“Movie tie-in edition” or “TV tie-in edition” (sometimes simply referred to as a “movie tie-in” or a “TV tie-in”) as it relates to book publishing is a book whose jacket, packaging, contents, or promotion relates to a feature film or a television show, respectively.
Promotional Tie-Ins and Marketing Synergy
The relationship of a movie or TV show to a book, or vice versa, creates a marketing synergy between the book and the film (or television series) to which it relates. In the best-case scenario, the film/show and the book each helps to expand the audience of the other.
Here are a few types of tie-ins and how they work:
Movies and TV
Movies or TV shows related to bestselling books (such as the feature films made from Kathryn Stockett’s The Help or Stephenie Meyer’s Twilight series—or HBO’s True Blood television series based on the novels of Charlaine Harris) bring passionate fans of the story into theater seats or to the initial Nielsen ratings. Even classic works and their films (such as Whit Stillman's Love and Friendship based on Jane Austen's Lady Susan) can benefit from synergies.
Having hoards of book club members, teenage fans, or Janeites showing up the opening weekend or watching the premiere is especially important to boost box office numbers or audience levels and jumpstart the film’s or series’ success with word-of-mouth. In a media marketplace that must increasingly compete for eyeballs, any level of head start into audience recognition is important.
For the book, the publicity surrounding a feature film release or the launch of a new TV show helps spread the word of the source material and opens the book to new audiences who might have otherwise not considered reading it.
Conversely, books can be developed from popular media in order to exploit, expand, and/or otherwise capitalize on the popularity of the source material. These range from novels (like the X-Files series of books), fan books (Star Wars and Star Trek spawned many of these), or even cookbooks (Blue Bloods, The Sopranos).
One brilliant stroke of TV tie-in genius and corporate media synergy was executed when ABC TV sister company Hyperion Books developed and launched a series of novels by “Richard Castle,” the titular (and fictional) novelist who is the main character of the ABC mystery series Castle.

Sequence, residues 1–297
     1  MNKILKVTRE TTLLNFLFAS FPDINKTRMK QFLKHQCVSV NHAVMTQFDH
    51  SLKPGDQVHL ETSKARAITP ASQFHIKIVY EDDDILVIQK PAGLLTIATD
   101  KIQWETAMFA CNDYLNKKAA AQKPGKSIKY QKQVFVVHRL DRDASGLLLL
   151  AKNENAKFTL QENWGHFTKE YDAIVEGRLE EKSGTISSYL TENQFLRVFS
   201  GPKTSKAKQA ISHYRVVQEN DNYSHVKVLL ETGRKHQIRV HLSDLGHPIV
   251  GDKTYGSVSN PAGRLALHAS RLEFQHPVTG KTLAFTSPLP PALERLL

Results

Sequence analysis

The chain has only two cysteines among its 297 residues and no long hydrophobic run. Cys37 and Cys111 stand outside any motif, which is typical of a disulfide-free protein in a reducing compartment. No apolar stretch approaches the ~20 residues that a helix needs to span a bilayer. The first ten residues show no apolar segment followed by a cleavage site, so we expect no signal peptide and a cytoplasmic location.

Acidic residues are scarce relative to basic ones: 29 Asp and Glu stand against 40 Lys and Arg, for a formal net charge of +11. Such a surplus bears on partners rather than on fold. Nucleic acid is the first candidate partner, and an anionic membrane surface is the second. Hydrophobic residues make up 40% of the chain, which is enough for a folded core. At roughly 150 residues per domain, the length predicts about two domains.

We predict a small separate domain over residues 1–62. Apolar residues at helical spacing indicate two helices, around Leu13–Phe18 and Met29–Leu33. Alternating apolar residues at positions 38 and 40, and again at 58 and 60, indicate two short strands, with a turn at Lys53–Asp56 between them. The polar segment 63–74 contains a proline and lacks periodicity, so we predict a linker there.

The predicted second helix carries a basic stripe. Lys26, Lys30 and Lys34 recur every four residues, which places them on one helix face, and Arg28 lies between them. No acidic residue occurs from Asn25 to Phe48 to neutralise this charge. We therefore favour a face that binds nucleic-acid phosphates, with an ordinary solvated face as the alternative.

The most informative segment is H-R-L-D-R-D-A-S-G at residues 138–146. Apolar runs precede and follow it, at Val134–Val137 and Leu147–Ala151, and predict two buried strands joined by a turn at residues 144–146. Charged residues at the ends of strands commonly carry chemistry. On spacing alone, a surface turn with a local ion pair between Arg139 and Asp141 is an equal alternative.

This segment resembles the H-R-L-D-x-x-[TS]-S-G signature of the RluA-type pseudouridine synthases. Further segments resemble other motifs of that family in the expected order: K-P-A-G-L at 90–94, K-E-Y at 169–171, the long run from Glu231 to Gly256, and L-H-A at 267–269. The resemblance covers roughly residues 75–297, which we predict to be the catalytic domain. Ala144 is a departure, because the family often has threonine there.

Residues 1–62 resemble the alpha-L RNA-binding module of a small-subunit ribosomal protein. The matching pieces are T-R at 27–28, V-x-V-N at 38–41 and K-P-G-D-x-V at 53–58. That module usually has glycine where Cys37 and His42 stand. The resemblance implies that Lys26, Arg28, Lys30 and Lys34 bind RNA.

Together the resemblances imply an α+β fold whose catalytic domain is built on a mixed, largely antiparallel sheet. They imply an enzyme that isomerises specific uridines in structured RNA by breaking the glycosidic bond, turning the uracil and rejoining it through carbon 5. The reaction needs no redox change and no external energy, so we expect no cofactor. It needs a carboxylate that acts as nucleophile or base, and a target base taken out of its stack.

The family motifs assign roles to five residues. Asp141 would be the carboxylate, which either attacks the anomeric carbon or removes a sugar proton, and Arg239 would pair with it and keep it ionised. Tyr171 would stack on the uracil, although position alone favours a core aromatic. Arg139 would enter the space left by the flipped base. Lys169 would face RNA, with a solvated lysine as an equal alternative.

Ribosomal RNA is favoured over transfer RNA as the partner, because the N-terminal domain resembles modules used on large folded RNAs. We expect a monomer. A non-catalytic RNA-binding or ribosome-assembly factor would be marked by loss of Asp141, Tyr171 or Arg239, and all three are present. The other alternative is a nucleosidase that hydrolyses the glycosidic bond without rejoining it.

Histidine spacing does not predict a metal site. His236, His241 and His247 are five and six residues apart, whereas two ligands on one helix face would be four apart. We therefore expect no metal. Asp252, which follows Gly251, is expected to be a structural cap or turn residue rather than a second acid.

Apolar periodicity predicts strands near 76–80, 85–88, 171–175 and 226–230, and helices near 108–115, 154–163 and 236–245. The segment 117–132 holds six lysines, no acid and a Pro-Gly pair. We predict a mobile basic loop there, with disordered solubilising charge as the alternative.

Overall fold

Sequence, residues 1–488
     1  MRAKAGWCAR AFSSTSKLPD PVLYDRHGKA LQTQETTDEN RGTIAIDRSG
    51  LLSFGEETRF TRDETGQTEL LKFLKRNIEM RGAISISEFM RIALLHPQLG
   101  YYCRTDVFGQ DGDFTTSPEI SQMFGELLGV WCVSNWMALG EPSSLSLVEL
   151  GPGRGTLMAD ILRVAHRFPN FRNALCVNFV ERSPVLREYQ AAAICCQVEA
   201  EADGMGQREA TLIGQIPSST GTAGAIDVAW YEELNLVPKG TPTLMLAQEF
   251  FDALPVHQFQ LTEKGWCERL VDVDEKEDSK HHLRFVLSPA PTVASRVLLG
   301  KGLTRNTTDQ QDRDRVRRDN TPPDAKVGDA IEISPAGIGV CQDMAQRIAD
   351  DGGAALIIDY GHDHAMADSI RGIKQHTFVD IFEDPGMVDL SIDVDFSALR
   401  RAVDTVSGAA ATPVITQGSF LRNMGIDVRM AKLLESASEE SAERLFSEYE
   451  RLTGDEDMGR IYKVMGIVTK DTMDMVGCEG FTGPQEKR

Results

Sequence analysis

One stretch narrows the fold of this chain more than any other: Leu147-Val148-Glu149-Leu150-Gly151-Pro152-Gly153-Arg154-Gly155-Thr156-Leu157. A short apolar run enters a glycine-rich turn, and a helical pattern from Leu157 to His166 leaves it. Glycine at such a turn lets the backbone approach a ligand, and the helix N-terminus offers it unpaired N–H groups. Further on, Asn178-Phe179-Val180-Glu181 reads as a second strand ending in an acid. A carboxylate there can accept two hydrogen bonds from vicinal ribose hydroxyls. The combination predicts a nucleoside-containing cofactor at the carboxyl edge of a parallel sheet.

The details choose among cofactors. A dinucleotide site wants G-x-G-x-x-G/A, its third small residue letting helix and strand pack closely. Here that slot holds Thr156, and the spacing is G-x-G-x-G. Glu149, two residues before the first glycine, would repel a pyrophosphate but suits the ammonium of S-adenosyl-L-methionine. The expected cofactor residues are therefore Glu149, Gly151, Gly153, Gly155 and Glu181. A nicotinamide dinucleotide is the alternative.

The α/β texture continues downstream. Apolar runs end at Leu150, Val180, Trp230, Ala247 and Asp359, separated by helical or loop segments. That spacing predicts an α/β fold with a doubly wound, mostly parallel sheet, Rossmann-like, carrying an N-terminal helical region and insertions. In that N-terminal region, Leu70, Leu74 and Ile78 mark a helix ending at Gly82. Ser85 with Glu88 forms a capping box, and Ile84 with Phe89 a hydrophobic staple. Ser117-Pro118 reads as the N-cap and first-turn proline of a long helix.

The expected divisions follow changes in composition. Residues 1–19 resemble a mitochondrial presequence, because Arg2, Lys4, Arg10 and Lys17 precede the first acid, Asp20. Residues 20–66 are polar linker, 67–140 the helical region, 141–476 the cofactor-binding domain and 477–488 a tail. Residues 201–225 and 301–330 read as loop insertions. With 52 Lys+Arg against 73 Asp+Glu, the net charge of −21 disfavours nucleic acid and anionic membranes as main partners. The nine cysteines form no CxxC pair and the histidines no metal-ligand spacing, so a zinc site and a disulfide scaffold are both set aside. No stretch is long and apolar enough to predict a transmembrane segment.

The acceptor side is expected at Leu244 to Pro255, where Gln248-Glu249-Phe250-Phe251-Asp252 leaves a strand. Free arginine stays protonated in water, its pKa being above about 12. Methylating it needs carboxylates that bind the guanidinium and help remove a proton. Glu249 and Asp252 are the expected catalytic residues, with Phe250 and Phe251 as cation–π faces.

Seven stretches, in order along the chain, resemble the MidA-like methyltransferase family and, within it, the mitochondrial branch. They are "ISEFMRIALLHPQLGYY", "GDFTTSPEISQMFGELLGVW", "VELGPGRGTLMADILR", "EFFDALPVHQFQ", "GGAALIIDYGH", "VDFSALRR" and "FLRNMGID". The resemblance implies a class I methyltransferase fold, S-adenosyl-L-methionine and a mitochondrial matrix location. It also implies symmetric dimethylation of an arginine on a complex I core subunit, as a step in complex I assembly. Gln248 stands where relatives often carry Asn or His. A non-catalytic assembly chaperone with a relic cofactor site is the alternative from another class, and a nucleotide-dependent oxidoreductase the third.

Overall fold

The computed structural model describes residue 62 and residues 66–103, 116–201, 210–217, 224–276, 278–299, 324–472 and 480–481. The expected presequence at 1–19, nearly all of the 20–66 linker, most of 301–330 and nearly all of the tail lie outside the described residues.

The visual relationship between the film or television show and the book is important, especially at the bookseller level, when customers who might not have been aware of the existence of the book can happen upon it by recognizing the familiar book title or artwork on the jacket.
For that reason, tie-in editions are re-jacketed to reflect the marketing campaign of the related film or TV show. This happened with the paperback version of Washington's Spies, which was designed to tie in closely with the AMC series Turn, which was based on the book.
When the stars of the screen are hugely popular, the most "selling" jacket tie-in will incorporate photos of the film’s stars (the Twilight series is a good example of this). There is usually a rights negotiation and fees involved in the publisher’s use of the movie artwork. In the case where the material is in the public domain and many publishers print essentially identical copies of the content, a particular publishing house will negotiate the with film producers for the exclusive rights to use the movie tie-in artwork.
If the book is popular already, re-jacketing a book with the artwork from a new movie can prolong sales. For a backlist book, the movie tie-in edition brings consumer attention to an older title by relating it to something that is currently in the media and being actively promoted.
While the substance of the film might be condensed or expanded from the source material (as was the case with Brokeback Mountain, a short story by Annie Proulx), the movie tie-in edition acknowledges the roots of the story and can bring new readers to it.
Significantly for publishers’ profit margins, a tie-in to a very popular media property can command a premium price; in the case of Brokeback Mountain, the individual short story was pulled out of a collection, packaged by itself with the art from the film, and priced at $9.95 for its 64 pages.
Tie-Ins by Association
Books might tie in more loosely with the release of a film or television show, but still feel the sales benefit of a film release or major television event. For example, a biopic movie about a famous figure generates interest in learning more about that person and, consequently, boosts biography sales.